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Little explorations with HP calculators (no Prime)
12-29-2018, 10:02 PM (This post was last modified: 12-29-2018 10:05 PM by pier4r.)
Post: #337
RE: Little explorations with HP calculators (no Prime)
David I read your request. I'll answer later below.

(12-27-2018 04:59 PM)DavidM Wrote:  The final result of the above is a tab-delimited list of counts and quantities, and the following is a sample of one run:
Code:
1    60726
2    60743
3    60133
4    59444
5    58566
6    57093
7    55206
8    53189
9    51518
10    48693
11    45882
12    43496
13    40126
14    37631
15    34314
16    31327
17    28141
18    25558
19    22785
20    19674
21    17479
22    15290
23    13129
24    11113
25    9502
26    7924
27    6637
28    5407
29    4362
30    3518
31    2719
32    2233
33    1763
34    1291
35    950
36    690
37    509
38    399
39    282
40    177
41    123
42    100
43    54
44    40
45    24
46    25
47    5
48    3
49    4
50    1
51    2
52    0
53    0
54    0
55    0
56    0
57    0
58    0
59    0
60    0
61    0
62    0
63    0
64    0
65    0
66    0
67    0
68    0
69    0
70    0
71    0

Actually I reflected on this report of yours. Nice that you shared it. I realized with delay that having 30 or more (well, actually even 10 or more ) sublists matching is not an easy thing.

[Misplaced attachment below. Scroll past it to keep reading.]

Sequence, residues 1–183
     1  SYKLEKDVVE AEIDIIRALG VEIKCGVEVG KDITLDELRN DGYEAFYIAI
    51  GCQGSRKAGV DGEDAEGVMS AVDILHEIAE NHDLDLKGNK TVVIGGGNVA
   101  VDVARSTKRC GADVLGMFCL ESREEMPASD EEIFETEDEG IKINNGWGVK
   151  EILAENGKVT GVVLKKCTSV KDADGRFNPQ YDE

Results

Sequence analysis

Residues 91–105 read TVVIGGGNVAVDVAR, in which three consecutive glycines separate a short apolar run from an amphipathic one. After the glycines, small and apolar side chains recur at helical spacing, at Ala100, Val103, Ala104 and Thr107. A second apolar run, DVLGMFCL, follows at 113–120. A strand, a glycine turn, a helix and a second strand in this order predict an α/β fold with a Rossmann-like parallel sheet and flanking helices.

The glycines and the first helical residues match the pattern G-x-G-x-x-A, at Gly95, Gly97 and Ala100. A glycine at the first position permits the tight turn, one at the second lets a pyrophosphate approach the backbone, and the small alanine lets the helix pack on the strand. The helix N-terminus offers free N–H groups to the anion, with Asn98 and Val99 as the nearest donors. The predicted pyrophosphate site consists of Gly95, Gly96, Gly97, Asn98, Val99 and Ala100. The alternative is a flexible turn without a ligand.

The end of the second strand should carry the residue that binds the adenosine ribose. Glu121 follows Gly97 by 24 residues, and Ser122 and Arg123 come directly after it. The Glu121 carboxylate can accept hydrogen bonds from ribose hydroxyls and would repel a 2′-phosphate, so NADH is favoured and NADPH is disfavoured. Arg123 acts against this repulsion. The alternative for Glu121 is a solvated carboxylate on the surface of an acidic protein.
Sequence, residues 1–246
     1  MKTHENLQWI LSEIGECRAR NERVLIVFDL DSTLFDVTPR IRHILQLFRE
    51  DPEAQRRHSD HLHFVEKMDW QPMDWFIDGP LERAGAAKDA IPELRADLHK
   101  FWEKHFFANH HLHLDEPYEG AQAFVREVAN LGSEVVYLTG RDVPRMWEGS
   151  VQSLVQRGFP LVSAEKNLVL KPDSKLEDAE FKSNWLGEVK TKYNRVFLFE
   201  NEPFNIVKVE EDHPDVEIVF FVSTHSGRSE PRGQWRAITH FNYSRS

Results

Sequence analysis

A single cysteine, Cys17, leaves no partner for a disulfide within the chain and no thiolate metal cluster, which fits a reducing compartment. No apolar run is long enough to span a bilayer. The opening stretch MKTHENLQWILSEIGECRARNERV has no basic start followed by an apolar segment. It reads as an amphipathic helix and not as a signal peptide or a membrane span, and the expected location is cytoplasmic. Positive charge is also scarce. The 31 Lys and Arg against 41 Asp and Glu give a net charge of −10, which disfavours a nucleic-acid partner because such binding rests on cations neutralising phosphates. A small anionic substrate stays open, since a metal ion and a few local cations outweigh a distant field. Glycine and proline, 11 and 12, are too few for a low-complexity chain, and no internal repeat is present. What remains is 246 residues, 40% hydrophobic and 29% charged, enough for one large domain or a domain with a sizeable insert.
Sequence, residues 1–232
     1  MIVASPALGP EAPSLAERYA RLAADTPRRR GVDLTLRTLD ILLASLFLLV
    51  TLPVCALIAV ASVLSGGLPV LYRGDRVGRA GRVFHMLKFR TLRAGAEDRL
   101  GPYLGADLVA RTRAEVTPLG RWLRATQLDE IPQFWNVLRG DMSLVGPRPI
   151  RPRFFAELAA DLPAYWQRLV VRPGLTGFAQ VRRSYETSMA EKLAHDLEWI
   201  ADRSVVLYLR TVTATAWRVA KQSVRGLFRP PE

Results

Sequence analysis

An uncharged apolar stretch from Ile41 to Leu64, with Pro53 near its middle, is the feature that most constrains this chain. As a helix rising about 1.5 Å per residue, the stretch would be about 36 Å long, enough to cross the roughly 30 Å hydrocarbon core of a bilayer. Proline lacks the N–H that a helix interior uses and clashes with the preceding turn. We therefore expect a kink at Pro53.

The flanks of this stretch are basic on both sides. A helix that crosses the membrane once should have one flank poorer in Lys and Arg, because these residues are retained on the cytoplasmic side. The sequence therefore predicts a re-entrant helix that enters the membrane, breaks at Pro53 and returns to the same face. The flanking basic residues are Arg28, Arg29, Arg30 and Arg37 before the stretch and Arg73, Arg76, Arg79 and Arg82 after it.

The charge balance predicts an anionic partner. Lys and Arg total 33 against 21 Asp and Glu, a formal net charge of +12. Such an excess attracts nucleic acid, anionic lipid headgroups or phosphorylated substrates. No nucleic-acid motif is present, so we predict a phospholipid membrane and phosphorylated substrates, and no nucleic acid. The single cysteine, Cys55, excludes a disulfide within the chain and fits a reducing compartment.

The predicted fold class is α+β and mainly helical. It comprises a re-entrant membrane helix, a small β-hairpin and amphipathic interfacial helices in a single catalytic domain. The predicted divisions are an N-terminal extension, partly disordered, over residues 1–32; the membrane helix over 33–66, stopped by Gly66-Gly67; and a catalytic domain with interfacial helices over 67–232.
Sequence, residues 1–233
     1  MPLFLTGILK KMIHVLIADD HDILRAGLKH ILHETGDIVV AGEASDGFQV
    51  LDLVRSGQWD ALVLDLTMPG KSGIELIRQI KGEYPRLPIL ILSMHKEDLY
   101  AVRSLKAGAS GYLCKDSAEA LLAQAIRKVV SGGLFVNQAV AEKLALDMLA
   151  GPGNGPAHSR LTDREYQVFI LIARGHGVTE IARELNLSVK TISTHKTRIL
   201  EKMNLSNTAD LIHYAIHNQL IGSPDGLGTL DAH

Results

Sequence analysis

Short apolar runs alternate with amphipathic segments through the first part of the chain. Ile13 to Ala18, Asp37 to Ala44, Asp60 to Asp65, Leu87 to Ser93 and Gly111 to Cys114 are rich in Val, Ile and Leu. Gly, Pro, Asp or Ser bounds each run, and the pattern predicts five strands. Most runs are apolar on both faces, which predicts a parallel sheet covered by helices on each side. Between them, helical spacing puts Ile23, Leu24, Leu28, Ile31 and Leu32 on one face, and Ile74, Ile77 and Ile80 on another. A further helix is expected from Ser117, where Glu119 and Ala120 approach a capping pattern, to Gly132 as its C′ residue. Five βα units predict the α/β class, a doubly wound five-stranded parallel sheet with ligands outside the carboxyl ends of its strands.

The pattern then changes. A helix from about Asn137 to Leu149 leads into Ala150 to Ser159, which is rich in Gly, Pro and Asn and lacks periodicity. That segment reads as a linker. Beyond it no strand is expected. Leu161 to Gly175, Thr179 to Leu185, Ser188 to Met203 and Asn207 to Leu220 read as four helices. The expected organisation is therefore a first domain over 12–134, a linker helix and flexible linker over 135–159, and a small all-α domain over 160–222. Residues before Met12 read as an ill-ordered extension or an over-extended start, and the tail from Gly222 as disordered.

(12-29-2018 04:06 PM)DavidM Wrote:  I believe you are reinforcing why I think the original problem description isn't clear enough for us to know exactly what it is we are supposed to be determining. There's a lot of room for (mis)interpretation here, due to the ambiguity of the description.


Ok I reread the initial post and I see that the problem could be the following (see bold parts)
Quote:Could they find a way to ensure that Anna and Berta pick both 50 blue balls and 20 white balls? If yes, is a special arrangement of the balls needed to achieve it?

The bold parts seems to suggest the possibility of an action by Anna and Berta. Instead they are quite passive.

In short they get the random line of 140 Christmas balls, Anna goes through them and picks the first continuous chunk of 70 balls that contains 50 blue balls and 20 white balls. Then she says "I am good, Berta you pick the rest".

The special arrangement actually means what I wrote before as clarification. Is Anna finding her chunk only when the line has a certain arrangement of the balls, that is: among all the possible permutations, only a subset of them works; or can she always find a chunk of the line that matches the requirements?

Is anything better now?

This goes giving a +1 for the statement: "No, it is not always the problem that is difficult. It happens often that is poorly worded".

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RE: Little explorations with HP calculators (no Prime) - pier4r - 12-29-2018 10:02 PM



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